NPR’s science program, called Radiolab, recently turned its attention to infants. Why? Well because one of the show’s hosts became a dad for the first time. And it made him wonder about how baby brains work. He was interested in understanding how his baby perceives the world, and out of his curiosity, the podcast After Birth was born.
How your baby perceives the world
In his podcast, Jad Abumrad (the dad in question), interviewed Charles Fernyhough, author of the book A Thousand Days of Wonder. The author and psychologist had actually taken a closer look at the workings of an infant’s brain. And what he had discovered, was remarkable.
From his findings, babies see the world as a much brighter place than the world we – grownups – have come to know. He also says that babies probably hear echoes of everything they hear because their brains cannot yet process sound properly.
Baby perceives the world in blurts of hearing colours and seeing sounds
One of the most entertaining aspects of the podcast, however, was when Fernyhough talked about the results they had found after EEG brains scans. The scans suggest that the brains of babies are so new that they’re prone to ‘misfiring.’ Optical areas will often light up when babies hear something. And when they see something, their auditory areas become stimulated. That’s why so many people have speculated that babies can see colours and hear something they’re witnessing with their eyes.
Another take on how your baby perceives the world
On a completely different note, there’s Alison Gopnik’s book – The Philosophical Baby. The book zooms into how babies perceive the world much differently than we do. She states that babies might have the ability to focus just as well as adults can. Which makes them experience life much more richly and deeply than adults ever can.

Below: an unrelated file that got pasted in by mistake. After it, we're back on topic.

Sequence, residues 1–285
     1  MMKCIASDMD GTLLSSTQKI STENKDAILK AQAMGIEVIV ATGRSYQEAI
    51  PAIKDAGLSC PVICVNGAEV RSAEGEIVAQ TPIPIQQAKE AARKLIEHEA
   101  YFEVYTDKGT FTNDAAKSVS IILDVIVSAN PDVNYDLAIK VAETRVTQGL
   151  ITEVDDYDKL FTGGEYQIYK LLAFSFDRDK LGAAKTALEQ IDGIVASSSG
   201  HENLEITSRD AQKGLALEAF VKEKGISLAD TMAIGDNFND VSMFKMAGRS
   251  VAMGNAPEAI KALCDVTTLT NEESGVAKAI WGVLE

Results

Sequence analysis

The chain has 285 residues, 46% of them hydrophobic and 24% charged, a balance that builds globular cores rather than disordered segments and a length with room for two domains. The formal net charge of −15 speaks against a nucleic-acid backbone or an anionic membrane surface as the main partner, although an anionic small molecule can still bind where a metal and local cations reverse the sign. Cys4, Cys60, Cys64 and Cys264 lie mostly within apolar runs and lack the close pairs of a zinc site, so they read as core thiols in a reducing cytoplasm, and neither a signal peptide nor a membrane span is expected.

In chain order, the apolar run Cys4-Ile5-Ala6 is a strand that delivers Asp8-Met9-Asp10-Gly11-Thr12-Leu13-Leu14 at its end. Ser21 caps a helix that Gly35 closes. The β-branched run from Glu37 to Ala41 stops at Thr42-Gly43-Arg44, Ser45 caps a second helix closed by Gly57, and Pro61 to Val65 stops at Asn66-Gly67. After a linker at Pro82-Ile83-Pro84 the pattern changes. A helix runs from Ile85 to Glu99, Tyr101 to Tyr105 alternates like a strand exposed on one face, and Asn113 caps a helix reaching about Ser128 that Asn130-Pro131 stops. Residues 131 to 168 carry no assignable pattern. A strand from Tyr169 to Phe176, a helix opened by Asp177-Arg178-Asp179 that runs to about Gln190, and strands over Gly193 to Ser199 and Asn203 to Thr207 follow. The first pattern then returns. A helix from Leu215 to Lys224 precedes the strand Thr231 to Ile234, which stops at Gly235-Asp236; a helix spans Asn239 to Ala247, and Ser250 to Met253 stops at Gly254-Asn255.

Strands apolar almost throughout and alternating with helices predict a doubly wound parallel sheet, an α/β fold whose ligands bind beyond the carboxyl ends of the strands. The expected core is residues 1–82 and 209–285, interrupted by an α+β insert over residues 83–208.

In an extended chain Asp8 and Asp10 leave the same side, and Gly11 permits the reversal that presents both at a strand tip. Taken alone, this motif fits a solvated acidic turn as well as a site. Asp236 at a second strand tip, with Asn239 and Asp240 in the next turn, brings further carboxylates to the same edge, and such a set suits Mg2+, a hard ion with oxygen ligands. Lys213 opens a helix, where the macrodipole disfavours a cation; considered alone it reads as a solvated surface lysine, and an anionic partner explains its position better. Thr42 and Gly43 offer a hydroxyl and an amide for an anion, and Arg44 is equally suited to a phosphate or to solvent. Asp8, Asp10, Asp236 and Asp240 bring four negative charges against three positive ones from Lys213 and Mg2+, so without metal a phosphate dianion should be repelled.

Recently, at the University of British Columbia, Vashti Garcia and Fei Xu proved that babies understand the idea of probabilities. According to a study they did, 8-month old babies saw a box full of ping-pong balls. Most of the balls were white. But there were a few that were red. And when they saw more red balls than white balls coming out of the box, they were surprised with the possible (yet improbable) outcome.
According to Gopnik’s book, we should encourage our babies to play with natural elements more. Rather than focusing on giving them ‘educational’ toys. The kind of intelligence that’s picked up in the brains of babies varies deeply from that which is measured in schools. Academic intelligence revolves around focus and planning. But when it comes to babies, there’s no time or place for planning, aiming, or precise goals.